Massive quantities of snow accumulate as moist Pacific air moves over the St. Elias Mountains, feeding the St. Elias Icefields. Valley glaciers radiate out from the icefields, fed by the icefields themselves. Glacial movements are often immense and spectacular and the St. Elias Mountains are home to the greatest concentration of surging glaciers in North America.

Surge Cycle

crevsses on surface of glacier
The Little Kluane Glacier during a surge

Surge type glaciers alternate between quiescent periods of slow movement and brief periods of fast surging motion when the toe of the glacier rapidly advances. During the quiescent period the glaciers continue to slowly flow, but ice gradually builds up in the reservoir zone until a threshold is reached at which point ice is rapidly transferred down-glacier in a surge.

During a surge a glacier can move 100 times faster than usual leaving ice stranded on valley walls and forming jumbled ice cliffs, chaotic crevassing and seracs on its surface. The toe of the glacier advances down valley, often by several kilometres in a matter of months. The advance doesn’t mean there is more glacial ice, but that the ice is moving downhill more quickly. Milder temperatures at the glacier’s terminus cause the ice to melt more quickly and the toe of the glacier recedes. And the cycle begins again. As the climate continues to warm and glaciers continue to lose ice mass, ongoing monitoring is needed to warn area residents of unstable lakes.

Tales of two glaciers

Nàłùdäy (Lowell Glacier)

Nàłùdäy

In the past, surges of Nàłùdäy (Lowell Glacier) have dammed the Alsek River at Goatherd Mountain. The resulting lake extended well back to and over the present site of the Village of Haines Junction. The most recent Neoglacial Lake Alsek drained around 1850 in two days after the ice dam broke, with a flow rate comparable to that of the Amazon River. Huge gravel current ripples from this outflow, as well as wave-cut lake benches, are visible in the park along the Alsek Trail. The flooding events associated with Nàłùdäy's surges are the subject of Southern Tutchone First Nation people's legends and stories.

Since 1948 Nàłùdäy has surged five times, once about every fifteen years. Even though the toe has rapidly and dramatically advanced each time, causing consternation, it hasn’t caused a complete blockage of the river. And a pattern is emerging. Each surge is a little less pronounced and doesn’t last quite as long as the previous one.

Wasting away
View of Lowell Glacier
Nàłùdäy, 2018

Over the same period Nàłùdäy has undergone significant wasting, which is consistent with other glaciers in the region, and likely underlies the reduction in surge extent and duration. Even if a surge were to completely block the river today, Nàłùdäy's ice has thinned so much that the impounded lake would likely spill over the top of the ice dam before the rising lake waters would reach Haines Junction. That's good news for the Village.

Snow swamp

More recently, during the summer of 2018, record temperatures resulted in a massive “snow swamp”, a slushy mixture of snow and melt water, forming on the upper reaches of Nàłùdäy surface. While the phenomenon itself is not unusual in the warm summer months, its size (45 square kilometres) and the speed with which it formed (a matter of several days) were unprecedented. Over the next several weeks the melt water drained into Lowell Lake at Nàłùdäy's toe increasing the rate of flow in the Alsek River downstream of the lake. A little more ice shed from an already thinning glacier. And a reminder that the warming world we are inhabiting might not be good news for glaciers.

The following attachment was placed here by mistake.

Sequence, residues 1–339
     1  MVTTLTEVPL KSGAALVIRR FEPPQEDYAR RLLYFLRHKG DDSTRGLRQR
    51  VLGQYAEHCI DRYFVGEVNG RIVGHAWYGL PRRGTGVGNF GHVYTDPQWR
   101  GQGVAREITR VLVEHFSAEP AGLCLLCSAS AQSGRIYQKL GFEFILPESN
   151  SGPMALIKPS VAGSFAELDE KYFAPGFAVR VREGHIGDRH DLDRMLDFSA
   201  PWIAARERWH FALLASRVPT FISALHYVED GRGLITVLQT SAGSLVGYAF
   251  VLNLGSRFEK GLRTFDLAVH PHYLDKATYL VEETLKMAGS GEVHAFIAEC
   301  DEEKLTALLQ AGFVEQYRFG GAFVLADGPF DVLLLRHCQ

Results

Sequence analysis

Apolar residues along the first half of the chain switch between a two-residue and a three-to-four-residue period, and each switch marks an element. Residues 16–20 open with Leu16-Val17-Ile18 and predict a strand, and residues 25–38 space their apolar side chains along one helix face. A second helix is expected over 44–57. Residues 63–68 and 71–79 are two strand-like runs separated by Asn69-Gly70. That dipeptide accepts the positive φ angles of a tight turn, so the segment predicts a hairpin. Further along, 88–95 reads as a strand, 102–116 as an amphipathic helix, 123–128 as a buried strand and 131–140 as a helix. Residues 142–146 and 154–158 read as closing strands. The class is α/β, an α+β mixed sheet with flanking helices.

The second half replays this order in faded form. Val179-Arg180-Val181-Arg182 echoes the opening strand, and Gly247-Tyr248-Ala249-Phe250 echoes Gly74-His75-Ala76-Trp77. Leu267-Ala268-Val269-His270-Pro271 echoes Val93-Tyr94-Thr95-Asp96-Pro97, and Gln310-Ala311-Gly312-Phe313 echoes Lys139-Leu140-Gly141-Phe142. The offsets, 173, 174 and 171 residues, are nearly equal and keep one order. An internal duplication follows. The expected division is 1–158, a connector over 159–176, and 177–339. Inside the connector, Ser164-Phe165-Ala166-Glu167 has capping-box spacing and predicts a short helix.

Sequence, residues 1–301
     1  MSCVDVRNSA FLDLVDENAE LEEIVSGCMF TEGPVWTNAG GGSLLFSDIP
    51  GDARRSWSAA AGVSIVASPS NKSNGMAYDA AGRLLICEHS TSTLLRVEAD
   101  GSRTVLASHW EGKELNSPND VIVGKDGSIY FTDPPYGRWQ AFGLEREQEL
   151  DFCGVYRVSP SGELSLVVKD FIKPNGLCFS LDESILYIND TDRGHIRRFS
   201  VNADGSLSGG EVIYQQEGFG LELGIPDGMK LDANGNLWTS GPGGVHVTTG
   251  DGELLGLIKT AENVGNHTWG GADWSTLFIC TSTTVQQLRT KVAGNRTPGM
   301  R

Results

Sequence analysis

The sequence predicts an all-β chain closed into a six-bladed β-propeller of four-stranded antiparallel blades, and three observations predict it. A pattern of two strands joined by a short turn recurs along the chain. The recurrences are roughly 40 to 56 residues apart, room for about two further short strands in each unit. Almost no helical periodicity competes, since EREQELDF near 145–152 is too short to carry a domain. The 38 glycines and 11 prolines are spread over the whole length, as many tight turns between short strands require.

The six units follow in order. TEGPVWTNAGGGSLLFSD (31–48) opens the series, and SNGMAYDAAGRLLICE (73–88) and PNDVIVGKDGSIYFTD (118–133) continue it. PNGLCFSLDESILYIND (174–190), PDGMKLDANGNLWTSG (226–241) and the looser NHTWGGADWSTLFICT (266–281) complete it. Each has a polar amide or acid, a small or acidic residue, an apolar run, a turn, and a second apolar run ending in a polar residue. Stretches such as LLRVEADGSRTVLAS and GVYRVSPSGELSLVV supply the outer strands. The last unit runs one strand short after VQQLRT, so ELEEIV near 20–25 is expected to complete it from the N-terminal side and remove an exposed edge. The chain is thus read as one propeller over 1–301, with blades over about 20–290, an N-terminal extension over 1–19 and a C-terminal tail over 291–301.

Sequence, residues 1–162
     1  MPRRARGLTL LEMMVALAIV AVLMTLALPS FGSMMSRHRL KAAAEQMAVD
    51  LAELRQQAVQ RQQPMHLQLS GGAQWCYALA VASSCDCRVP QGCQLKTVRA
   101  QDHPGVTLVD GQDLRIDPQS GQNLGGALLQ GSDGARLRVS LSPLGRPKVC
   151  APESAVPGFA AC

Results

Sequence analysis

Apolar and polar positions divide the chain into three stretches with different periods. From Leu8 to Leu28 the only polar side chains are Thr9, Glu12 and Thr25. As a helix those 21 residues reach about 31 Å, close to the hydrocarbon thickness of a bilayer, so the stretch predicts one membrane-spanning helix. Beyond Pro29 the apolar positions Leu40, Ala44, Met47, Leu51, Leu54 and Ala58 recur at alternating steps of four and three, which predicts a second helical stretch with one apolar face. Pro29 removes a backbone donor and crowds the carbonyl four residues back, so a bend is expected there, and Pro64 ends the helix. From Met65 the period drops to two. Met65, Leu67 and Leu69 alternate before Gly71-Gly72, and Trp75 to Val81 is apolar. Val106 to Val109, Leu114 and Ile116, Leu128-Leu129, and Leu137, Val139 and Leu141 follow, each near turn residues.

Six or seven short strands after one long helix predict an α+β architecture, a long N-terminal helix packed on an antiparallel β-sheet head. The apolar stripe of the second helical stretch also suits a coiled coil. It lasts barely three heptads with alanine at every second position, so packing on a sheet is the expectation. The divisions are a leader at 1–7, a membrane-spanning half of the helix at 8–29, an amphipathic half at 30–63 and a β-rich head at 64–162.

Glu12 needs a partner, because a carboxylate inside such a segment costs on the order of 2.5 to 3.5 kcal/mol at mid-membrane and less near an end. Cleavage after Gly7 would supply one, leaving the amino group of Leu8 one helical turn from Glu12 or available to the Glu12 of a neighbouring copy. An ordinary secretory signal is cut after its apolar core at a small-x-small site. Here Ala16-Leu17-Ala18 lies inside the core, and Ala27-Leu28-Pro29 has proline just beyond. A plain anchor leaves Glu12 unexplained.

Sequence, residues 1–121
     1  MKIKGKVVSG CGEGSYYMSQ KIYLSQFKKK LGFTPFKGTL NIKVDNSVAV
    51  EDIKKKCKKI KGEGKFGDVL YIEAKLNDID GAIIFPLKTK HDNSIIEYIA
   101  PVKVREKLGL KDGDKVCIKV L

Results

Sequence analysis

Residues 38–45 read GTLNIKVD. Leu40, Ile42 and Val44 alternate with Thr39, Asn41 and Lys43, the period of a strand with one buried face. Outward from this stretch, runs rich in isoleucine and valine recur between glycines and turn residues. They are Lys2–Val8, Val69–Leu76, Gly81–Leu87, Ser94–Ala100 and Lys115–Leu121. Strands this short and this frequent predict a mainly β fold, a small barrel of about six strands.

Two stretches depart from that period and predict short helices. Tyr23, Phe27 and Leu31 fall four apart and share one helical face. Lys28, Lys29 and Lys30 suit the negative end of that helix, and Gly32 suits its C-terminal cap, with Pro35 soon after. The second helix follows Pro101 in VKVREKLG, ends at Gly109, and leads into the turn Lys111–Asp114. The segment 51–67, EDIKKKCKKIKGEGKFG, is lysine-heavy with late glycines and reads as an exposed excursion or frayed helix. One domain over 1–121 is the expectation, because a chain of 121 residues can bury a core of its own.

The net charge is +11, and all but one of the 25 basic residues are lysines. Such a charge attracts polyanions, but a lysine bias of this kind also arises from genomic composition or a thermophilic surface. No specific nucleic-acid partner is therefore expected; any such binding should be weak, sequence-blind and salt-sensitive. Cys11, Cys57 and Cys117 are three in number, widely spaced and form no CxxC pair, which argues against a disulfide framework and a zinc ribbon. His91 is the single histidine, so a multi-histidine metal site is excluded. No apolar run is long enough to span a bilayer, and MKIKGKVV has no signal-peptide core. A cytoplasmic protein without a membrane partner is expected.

Dän Zhür (Donjek Glacier)

Dän Zhür

Dän Zhür has a documented history of surging that dates back to the 1930s. Since then it has surged eight times, advancing several hundred meters further into the Dän Zhür Chù (Donjek River) valley. Surges typically last 1 to 3 years, during which time glacier flow speeds can be as high as 1,500 m per year. Like all of Kluane’s glaciers, Dän Zhür is losing ice mass each year due to rising temperatures from the combustion of fossil fuels. This has led to less extensive surge events and overall retreat of the glacier.

The last surge
Dän Zhür, 2016

Dän Zhür’s last surge in 2012-2013 caused the glacier to advance and partially dam the Dän Zhür Chù. By the end of the surge a lake had formed at the terminus of the glacier at the intersection of the glacier and river. Since the surge, satellites and time lapse cameras have helped to monitored the growth of the lake.

After the surge

In 2017, on August 15 or 16, the 1.3 km2 lake drained. The following winter, a lake refilled in the same area, growing to 1.86 km2 before it drained again, between August 19 and 21, 2018. The most recent lake formed over the winter of 2018-19 and reached 2.2 km2 at the glacier terminus, the largest lake observed in the last hundred years.

Here today and gone tomorrow

On July 13, 2019 an ice dam holding back the lake broke and the entire lake drained within a period of 36 hours. Fortunately, no one was injured nor was infrastructure damaged during the recent lake drainage event. This event formed an ice canyon at the terminus of Dän Zhür, meaning that lake formation is unlikely to occur again this winter.

07-12-2019

07-13-2019

07-14-2019

07-15-2019

07-16-2019

Days of future past

To form another lake at Dän Zhür, a surge is needed to create a new ice dam. A new surge is forecast for the mid-2020s based on the fairly consistent 12-year repeat interval of Dän Zhür’s surges. The big question for Dän Zhür is if and how lakes will continue to form. Will they get bigger, smaller, or cease to form in the future?

More information on surging glaciers

Characteristics of the last five surges of Lowell Glacier
Terminus advance, kinematics and mass redistribution during eight surges of Donjek Glacier